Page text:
And maybe I really don’t have the right to write about these things like racism—because I don’t suffer its effects, though I sure as hell benefit from white privilege.  Still, every day there’s another murder (euphemistically called an “officer involved shooting”).  Every day someone dies; Alton Sterling died on Tuesday, Philando Castile died on Wednesday.  And every day I feel sick.  I feel like I have to express my pain about these deaths.  I want to use my art to do so.

And I know these deaths are not about me.  And nobody wants to hear about a white person’s pain—because it can never compare to the pain of racism and its effects on society.  It can never compare to the quotidian fear for one’s life that African Americans suffer.  And yet here I am, poor me-ing about my feelings of artistic impotence, anyway…when people are dying because they are people of color.  Dying every day because of the color of their skin.  I can’t wrap my head around that.  I can never wrap my head around that.

Maybe it’s white privilege again that makes me think I should use my art “for good”—maybe it’s the white savior complex rearing its ugly head that lets me believe that if I wrote a political poem about gun violence—gun violence on a large scale, and this incessant disgusting racism that is killing African Americans in “routine traffic stops”—that anyone would care.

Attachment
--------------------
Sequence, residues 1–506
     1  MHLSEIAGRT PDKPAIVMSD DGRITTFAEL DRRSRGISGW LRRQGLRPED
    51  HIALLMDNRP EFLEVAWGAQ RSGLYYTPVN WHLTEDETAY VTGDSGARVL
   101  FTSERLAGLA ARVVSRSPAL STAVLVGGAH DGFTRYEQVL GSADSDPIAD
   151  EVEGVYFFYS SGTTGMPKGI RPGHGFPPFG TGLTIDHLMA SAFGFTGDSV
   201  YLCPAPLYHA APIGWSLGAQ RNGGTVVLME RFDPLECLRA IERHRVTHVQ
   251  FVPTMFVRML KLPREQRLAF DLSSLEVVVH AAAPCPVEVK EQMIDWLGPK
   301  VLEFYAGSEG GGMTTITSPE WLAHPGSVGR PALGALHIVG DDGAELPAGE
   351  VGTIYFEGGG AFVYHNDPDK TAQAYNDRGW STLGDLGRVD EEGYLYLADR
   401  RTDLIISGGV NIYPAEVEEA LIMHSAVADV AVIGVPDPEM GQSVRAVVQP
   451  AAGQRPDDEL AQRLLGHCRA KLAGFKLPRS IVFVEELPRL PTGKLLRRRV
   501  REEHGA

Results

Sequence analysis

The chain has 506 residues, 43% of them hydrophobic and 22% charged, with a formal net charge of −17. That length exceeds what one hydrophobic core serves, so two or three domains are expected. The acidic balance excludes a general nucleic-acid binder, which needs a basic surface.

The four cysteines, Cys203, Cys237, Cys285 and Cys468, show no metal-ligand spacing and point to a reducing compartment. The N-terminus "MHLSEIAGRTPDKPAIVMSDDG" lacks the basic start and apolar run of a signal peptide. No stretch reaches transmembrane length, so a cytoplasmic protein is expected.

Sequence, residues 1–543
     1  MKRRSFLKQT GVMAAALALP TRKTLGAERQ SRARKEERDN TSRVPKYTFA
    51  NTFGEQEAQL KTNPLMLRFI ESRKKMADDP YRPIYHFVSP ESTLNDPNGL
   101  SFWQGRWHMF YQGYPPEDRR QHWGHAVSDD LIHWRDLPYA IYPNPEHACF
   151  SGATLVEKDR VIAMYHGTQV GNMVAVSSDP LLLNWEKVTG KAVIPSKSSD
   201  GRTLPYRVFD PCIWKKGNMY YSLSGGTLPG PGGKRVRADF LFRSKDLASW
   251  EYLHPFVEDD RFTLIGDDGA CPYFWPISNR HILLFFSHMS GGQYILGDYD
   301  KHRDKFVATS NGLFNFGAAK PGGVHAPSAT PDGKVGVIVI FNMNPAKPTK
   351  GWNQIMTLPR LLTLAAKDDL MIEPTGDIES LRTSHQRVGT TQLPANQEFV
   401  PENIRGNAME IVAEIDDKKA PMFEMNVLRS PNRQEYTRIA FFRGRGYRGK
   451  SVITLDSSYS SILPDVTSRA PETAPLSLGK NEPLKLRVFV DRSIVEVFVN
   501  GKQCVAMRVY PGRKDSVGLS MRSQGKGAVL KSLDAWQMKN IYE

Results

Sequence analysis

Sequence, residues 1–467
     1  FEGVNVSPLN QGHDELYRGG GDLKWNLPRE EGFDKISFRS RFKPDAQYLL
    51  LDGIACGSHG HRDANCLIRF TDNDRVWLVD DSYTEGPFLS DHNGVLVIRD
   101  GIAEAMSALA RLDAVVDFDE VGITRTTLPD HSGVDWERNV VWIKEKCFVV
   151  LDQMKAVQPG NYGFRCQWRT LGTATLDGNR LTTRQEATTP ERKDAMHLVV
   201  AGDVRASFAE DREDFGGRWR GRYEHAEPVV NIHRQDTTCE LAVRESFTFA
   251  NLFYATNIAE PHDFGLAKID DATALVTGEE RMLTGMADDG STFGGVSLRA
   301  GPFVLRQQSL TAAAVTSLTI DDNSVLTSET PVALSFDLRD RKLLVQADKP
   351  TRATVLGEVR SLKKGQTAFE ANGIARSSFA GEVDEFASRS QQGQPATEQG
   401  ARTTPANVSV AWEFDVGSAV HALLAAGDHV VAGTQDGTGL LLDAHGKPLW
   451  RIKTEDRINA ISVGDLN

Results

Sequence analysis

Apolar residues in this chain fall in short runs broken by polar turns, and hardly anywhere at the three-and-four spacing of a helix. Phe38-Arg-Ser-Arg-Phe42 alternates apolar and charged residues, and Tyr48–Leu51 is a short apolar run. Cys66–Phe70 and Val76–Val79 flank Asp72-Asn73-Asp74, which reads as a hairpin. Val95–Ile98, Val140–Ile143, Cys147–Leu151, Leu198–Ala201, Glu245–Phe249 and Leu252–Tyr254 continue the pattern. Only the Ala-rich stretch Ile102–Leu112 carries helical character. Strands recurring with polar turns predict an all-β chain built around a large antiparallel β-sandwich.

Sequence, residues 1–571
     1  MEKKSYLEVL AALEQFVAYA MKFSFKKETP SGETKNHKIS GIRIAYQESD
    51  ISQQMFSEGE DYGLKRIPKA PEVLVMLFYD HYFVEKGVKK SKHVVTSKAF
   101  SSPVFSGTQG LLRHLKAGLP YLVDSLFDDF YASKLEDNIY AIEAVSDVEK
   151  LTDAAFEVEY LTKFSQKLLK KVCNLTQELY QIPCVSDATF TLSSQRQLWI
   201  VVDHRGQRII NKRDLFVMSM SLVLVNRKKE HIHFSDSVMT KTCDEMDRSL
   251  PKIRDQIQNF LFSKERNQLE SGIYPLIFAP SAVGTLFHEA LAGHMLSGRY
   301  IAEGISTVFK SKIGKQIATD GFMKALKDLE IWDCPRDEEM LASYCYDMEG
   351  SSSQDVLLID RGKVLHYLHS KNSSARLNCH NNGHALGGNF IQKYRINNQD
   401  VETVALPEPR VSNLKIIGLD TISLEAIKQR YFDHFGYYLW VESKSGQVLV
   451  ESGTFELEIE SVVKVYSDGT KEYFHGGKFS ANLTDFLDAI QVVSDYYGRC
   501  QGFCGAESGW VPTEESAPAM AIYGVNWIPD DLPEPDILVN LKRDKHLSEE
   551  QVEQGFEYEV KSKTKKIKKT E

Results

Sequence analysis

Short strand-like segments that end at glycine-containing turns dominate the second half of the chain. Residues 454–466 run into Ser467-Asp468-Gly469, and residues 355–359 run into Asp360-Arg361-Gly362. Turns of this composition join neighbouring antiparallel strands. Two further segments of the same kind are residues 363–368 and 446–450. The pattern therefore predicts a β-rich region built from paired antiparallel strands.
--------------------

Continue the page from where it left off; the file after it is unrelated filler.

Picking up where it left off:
Not writing about it seems wrong.  But I come back to those voices of recrimination in my head that say, Who am I to think any poem I’d write about this subject matter is worthwhile or right?  Who am I to speak about this?  What right does any white person have to express her pain about these murders?

My pain can never compare.  It’s just so much white noise.

Seriously, JC, They Make Pills for This

My novel went on a “first date” yesterday.  Metaphorically speaking.

What I mean is, it is in the process of being “courted” by a potential future editor, which is to say, my Brilliant Fiction Writer Friend™ (whom I’ve mentioned before in this blog), who, despite not being a fan of YA, has graciously, and generously, and kind of insanely agreed to read my NaNoWriMo novel Hecate Applebough because he believes in me as a serious writer (even a serious writer of fluff), and sight unseen is willing to work with me to revise it and maybe make it into something good (or good-ish).

I must admit I am in the absolute worst dither of insecurities about my writing ever.  Like I’m back in my first creative writing class when I’m 20 years old, and so shy about what I’ve written that I really fear—not just that what I wrote is crappy (because that is surely a given)—but that I will have a) inflicted my mental crappiness/ drivel on another person; b) wasted someone’s already limited amount of leisure reading by forcing them to read something appalling (and deeply flawed on all levels); c) imposed on someone’s friendship, even when they offered, even when they are doing their best to wear me down to make me agree to continuing this part of the writing process (and I am deathly afraid of imposing on people, like pathologically so); and d) allowed someone to discover proof  that I’m not nearly as hilarious and awesome as I think I am.  (Perhaps that last fear on the list sounds trivial or frivolous, but I assure you, it’s a deeply-seated fear.)